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August 30 2019

Commentary by Eoin Treacy

Modi Creates Big Banks to Buoy Worse-Than-Expected India Growth

This article by Suvashree Ghosh, Siddhartha Singh and Shruti Srivastava for Bloomberg may be of interest to subscribers. Here is a section:

“Just increasing the size of balance sheets and combining operations of banks will only reduce the number of state-owned lenders but asset quality stress is unlikely to be taken care of,” said Avinash Gorakshakar, head of research at Joindre Capital Services Ltd. in Mumbai. “The bigger issue still remains as how risk profiling would improve banks’ bad-loan ratio ahead.”

After returning to power with a stronger mandate, Modi has been grappling with an economy still hurting from the fallout of his cash ban in 2016 and the botched rollout of a nationwide sales tax. A bad-loan clean up in the banking sector has contained credit to companies and a crisis among shadow lenders is denying consumers loans to buy goods like cars and refrigerators. Meanwhile unemployment is at a 45-year high as companies refrain from new investments.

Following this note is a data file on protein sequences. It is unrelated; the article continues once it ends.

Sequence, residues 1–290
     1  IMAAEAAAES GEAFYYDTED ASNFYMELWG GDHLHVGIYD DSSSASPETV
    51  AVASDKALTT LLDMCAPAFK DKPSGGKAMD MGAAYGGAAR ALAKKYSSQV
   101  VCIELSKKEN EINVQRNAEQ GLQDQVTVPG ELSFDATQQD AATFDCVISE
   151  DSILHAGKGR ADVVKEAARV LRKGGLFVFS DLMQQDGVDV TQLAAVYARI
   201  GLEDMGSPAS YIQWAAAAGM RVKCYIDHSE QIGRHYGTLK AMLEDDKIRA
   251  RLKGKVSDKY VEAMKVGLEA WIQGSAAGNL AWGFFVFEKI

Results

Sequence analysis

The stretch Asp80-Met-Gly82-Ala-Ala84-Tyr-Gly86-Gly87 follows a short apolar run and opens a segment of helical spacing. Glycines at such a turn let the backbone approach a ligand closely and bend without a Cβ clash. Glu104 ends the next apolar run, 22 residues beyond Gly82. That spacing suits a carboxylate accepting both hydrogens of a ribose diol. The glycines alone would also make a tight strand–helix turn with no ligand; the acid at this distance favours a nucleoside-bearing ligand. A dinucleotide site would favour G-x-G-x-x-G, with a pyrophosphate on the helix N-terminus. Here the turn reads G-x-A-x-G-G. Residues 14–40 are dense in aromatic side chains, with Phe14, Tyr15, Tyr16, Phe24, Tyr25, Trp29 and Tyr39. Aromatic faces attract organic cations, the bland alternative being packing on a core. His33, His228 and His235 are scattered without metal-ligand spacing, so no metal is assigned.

Data on Friday showed gross domestic product growth slowed for a fifth straight quarter to 5% in the three months ended June. That’s slower than the 5.7% expansion predicted in a Bloomberg survey. The rupee pared gains in the offshore market.

Eoin Treacy's view -

Crude oil’s weakness and the compression of India’s sovereign bond yields represent important tailwinds for the Indian economy which should help to stabilise growth not least because they should offer the RBI space to cut rates even further.



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August 30 2019

Commentary by Eoin Treacy

RBA Says Household Debt Could Complicate Future Rate Decisions

This article by Chris Bourke for Bloomberg may be of interest to subscribers. Here is a section:

Reserve Bank of Australia comments in 2019/20 corporate plan released on website Friday.